viktor orban hungary
© Dursun Aydemir/Anadolu/Bloomberg via Getty ImagesViktor Orban, Hungary's prime minister, speaks to journalists as he arrives at a European Union (EU) leaders meeting in Brussels, Belgium, on June 24, 2021
Budapest is obstructing the bloc's efforts to militarily support Kiev, the paper's sources claim

Hungary has blocked legislation that would allow the EU hand over profits earned on frozen Russian assets to Ukraine, the Financial Times reported on Saturday, citing sources.

The West froze around $300 billion in Russian sovereign assets when the Ukraine conflict escalated, trapping around $280 billion in the EU. While the bloc stopped short of confiscating the assets outright due to legal concerns, earlier this week it approved the use of interest generated from the assets to provide military aid to Kiev. The annual revenue is estimated to be around $3 billion.

Comment: Legal concerns? One would think that stealing the interest generated by an asset belonging to another sovereign country might be a "legal concern".

However, according to five FT sources familiar with internal discussions among EU ambassadors, Hungary's envoy has opposed expedited payments to Ukraine using Russian interest income. "For the time being they are blocking everything connected to the military support to Ukraine," one source said, adding the situation would not change until next month's elections for the European Parliament, at the earliest.

To placate Hungary, the EU reportedly proposed a deal under which its share of the bloc's funds would not be used to purchase weapons for Ukraine. According to FT, this had limited success, as Budapest agreed not to veto the transfer of revenue to Ukraine. However, it is holding up the implementation of the decision by failing to support the necessary legislation, the article says.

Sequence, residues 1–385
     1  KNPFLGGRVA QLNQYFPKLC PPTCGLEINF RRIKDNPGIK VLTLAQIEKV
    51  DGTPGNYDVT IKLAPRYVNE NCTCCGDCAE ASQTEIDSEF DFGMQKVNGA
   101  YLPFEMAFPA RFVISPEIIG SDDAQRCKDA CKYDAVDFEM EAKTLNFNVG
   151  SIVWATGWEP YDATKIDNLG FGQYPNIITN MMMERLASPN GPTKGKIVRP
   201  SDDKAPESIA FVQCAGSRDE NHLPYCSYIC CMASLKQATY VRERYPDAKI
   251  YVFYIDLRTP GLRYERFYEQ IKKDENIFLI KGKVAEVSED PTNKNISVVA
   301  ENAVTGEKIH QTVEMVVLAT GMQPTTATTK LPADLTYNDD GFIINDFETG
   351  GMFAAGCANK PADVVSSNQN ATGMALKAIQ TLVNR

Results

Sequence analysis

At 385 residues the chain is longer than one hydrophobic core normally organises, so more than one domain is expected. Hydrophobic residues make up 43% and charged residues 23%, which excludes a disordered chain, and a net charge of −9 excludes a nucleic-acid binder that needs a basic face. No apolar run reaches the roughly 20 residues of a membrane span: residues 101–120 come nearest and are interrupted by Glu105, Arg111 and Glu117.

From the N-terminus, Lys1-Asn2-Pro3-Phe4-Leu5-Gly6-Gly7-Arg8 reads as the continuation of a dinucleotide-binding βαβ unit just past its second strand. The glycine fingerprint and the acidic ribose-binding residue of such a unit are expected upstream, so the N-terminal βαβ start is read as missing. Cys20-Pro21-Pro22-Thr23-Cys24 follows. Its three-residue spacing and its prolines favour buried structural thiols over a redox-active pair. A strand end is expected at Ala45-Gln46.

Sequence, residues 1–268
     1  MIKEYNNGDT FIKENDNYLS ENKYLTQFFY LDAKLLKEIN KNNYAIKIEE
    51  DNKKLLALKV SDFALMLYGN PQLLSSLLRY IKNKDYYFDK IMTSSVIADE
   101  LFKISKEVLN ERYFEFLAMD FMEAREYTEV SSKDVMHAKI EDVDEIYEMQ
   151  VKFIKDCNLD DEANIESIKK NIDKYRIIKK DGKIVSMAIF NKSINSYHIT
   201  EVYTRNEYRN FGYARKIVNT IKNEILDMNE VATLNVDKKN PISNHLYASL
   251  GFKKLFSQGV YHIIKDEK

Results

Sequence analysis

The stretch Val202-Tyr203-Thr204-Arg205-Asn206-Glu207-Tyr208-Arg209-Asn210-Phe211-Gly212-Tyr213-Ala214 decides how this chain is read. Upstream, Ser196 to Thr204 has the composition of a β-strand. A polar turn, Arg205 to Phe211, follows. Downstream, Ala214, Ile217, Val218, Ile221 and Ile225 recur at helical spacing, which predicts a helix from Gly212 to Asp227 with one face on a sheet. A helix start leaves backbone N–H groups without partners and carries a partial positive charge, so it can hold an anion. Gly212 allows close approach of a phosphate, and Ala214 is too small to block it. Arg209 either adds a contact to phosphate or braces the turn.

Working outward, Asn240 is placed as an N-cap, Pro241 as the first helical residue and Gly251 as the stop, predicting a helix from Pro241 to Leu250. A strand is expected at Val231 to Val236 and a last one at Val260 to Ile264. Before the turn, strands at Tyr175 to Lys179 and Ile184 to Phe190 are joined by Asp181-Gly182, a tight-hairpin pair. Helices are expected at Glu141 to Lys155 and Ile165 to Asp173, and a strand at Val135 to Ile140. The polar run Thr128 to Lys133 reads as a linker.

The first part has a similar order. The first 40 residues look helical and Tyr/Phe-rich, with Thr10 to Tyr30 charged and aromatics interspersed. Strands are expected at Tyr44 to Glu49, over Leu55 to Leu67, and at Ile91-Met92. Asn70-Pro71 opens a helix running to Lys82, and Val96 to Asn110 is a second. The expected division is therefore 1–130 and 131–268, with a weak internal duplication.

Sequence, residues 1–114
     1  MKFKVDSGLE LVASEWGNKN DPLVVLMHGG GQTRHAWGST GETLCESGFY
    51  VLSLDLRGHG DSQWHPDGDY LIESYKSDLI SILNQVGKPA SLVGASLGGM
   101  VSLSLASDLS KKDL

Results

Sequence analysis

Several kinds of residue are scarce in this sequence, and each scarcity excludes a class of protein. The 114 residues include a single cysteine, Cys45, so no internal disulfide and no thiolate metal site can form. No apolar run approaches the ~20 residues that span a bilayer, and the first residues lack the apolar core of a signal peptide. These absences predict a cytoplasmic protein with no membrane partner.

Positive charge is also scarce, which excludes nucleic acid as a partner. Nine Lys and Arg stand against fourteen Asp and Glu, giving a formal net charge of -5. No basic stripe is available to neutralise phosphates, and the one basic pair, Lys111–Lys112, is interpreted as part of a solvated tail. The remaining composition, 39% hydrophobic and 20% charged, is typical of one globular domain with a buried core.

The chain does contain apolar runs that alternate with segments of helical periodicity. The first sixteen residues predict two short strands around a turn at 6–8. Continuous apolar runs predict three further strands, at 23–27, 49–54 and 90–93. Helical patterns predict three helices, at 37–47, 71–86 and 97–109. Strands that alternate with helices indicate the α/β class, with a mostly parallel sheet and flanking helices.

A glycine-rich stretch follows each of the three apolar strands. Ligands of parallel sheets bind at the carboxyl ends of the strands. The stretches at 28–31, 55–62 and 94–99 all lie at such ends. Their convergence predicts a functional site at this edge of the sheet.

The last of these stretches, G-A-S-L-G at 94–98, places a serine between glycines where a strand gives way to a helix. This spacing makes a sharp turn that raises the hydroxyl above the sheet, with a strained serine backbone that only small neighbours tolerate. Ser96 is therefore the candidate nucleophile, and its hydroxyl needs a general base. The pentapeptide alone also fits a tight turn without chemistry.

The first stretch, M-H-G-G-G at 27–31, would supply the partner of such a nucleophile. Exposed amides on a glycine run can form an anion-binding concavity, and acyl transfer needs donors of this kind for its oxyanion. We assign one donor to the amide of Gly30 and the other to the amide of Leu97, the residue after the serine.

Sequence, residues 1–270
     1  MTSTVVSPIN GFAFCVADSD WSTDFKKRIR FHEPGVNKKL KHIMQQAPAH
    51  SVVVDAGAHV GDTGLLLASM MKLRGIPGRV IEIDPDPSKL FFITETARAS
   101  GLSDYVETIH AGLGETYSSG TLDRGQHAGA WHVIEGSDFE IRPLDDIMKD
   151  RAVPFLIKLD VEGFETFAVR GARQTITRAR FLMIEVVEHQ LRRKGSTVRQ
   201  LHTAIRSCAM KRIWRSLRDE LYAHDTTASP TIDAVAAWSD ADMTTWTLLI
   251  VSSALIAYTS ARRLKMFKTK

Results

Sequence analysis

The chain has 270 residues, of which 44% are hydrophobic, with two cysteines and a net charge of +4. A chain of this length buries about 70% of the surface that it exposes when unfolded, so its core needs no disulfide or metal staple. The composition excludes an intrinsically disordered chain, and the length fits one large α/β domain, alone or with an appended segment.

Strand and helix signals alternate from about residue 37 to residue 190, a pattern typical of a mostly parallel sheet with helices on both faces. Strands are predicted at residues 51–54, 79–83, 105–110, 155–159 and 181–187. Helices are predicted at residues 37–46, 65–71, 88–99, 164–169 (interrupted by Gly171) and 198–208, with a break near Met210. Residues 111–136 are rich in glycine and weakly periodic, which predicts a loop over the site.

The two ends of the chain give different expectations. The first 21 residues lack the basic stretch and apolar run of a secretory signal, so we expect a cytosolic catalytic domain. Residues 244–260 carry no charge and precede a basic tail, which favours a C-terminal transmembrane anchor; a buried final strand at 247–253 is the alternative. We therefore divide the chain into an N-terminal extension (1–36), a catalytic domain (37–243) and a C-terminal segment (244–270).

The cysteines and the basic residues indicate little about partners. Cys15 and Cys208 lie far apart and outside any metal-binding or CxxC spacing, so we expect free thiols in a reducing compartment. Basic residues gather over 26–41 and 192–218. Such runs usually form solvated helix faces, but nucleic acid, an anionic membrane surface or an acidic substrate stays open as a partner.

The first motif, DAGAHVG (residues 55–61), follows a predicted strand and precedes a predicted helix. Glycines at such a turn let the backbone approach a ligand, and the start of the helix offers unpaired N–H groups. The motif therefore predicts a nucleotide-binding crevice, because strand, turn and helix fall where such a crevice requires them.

The outlet also said that while Hungary is not opposed to sending the Russian money to Ukraine per se, it has concerns about making the payments automatic.

Meanwhile, Moscow has denounced the decision to transfer profits from its assets to Ukraine as blatant and illegal "expropriation." Kremlin spokesman Dmitry Peskov has called the move "potentially dangerous," and warned of possible repercussions, including lawsuits.

Hungary has been a consistent critic of the West's approach to the Ukraine conflict, particularly its arms shipments to Kiev. Officials in Budapest have repeatedly called for a ceasefire, insisting that EU sanctions against Russia have failed to undermine its economy and have boomeranged against the bloc.

At the end of last year, Hungary delayed the EU's โ‚ฌ50 billion ($54 billion) aid package to Ukraine for several weeks, but eventually backed down under Western pressure.